It’s the first time a turbocharged 2.0-litre Tiguan has been available in Malaysia in over a decade, and it comes with two extra seats.
The Tiguan holds a special place in my heart. While there are many examples of crossovers over the years that have been based on largely successful hatchbacks, the first generation Tiguan was one of the earliest ones that felt like the perfect blend of practicality, driving dynamics, and refinement. It was approachable and easy to love, and the second generation built on those core strengths while evolving the Tiguan image into something more stand-alone.
While the name doesn’t make much sense – a combination of Tiger and Iguana – the crossover does so in a variety of ways. The Tiguan was always available as a five-seater from the first generation, but this second generation adds a little variety with the Allspace option that throws in a third row of seats for a total capacity of seven. Volkswagen Passenger Cars Malaysia launched the crossover not too long ago, in both 1.4 TSI Highline and 2.0 TSI R-Line variants.
As part of a showcase of their R-Line models, VPCM provided both the Arteon and the Tiguan Allspace to test over the course of a day. For the Tiguan Allspace R-Line, the obvious talking points are regarding its performance with 220 PS and 350 Nm of torque being sent through a 7-speed wet-clutch DSG gearbox to all four wheels via the 4MOTION all-wheel-drive system. Let’s not forget the third row of seats – though we didn’t really have much time to test this out over the course of the drive.
The drive started with a quick jaunt down the highway from Puchong to Serdang, where the ever popular MARDI MAEPS car parks played host to a dynamics and handling cone course. It was fairly bread and butter stuff, but it’s always enjoyable to throw a crossover or SUV into things they’re not really meant for. With total competence under hard braking – no surprises here – the only possibility of unsettling this larger-than-life Tiguan would be in the lane change and slalom exercises.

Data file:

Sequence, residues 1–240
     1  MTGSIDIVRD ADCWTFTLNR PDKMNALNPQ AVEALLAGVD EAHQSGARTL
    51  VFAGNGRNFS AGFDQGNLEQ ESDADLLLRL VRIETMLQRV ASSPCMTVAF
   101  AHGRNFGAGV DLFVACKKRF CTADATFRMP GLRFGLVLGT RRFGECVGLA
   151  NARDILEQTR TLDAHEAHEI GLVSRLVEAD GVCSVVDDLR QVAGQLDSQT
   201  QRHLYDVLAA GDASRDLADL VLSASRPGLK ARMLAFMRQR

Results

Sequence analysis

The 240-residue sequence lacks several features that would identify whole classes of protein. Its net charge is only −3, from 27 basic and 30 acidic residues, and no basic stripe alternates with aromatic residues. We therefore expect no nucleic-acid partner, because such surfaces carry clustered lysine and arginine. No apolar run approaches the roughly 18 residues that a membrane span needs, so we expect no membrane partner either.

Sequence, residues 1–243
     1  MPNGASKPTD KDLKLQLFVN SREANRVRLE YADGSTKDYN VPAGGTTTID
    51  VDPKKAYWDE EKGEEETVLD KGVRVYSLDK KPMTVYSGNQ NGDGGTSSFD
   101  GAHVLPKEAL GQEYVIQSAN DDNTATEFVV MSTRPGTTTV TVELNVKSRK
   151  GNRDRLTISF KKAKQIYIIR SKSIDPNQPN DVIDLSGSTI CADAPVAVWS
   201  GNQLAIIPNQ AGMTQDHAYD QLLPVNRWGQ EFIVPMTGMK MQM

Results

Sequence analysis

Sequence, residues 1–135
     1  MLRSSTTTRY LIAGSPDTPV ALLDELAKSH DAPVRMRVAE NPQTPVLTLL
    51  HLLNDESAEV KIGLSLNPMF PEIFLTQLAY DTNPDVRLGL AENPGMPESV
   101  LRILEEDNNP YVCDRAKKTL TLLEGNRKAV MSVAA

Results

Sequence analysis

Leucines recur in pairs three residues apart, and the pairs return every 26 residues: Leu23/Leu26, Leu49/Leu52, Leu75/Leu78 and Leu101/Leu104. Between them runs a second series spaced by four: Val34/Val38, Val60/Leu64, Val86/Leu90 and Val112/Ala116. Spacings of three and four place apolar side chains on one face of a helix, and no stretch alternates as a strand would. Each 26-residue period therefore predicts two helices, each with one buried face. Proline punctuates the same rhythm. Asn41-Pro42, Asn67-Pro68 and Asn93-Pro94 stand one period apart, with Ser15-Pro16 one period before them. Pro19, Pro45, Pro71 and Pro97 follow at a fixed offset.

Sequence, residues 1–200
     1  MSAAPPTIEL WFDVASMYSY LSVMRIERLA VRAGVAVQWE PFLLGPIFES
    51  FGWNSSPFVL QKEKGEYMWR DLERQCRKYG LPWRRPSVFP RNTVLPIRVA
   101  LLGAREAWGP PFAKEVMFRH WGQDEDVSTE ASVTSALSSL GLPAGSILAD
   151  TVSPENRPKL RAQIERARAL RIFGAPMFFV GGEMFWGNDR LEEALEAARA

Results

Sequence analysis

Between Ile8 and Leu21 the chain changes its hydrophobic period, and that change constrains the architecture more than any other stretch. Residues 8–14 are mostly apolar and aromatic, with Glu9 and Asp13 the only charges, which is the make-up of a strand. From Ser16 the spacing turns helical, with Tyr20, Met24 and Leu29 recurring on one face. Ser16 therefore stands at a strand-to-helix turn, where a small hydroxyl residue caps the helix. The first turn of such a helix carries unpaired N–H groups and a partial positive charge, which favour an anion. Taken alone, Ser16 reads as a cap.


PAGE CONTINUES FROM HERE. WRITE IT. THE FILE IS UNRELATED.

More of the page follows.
But alas, the Tiguan Allspace R-Line made it through unscathed. Part of that is down to the 4MOTION system shuffling power to the right axle at the right time, while the other part of it is down to just how well the chassis works – even if the core design is nearly two generations old. There is a remarkable amount of progressiveness and predictability that lets you stay confidently in control, right up to where the safety systems have to step in.
Beyond this, our drive took us on towards Janda Baik via a combination of Karak Highway and certain sections of old trunk road. Again, the Tiguan Allspace R-Line performed as the Tiguan would – unflappable, taking the bumps and undulations in stride, while still being able to enter corners with eagerness and precision. Everything we love about the vanilla Tiguan is present here – but of course, you wouldn’t be driving spiritedly if you had a pair of passengers in the third row or they may end up losing their lunch. A quick demonstration of the off-road mode after lunch was par for the course; the hill descent control works as well as it would in dedicated off-road machines.
That brought us to the end of our test drive – but if it seems all-too-brief, perhaps that was the point. The Tiguan Allspace R-Line builds on the established strengths of the Tiguan we know and love, with an extra row of seats and the performance that the Tiguan arguably deserved from the outset. Elements like the virtual cockpit and the larger central infotainment screen are great features to have, although they blend in and become more of an expectation and part of the background of the experience than something that demands your attention.
Even if you choose the 1.4 TSI Highline model, you won’t be disappointed (fun fact: the lighter engine actually makes it a little more agile), as we once again have a seven-seater Volkswagen available for Malaysian consumption.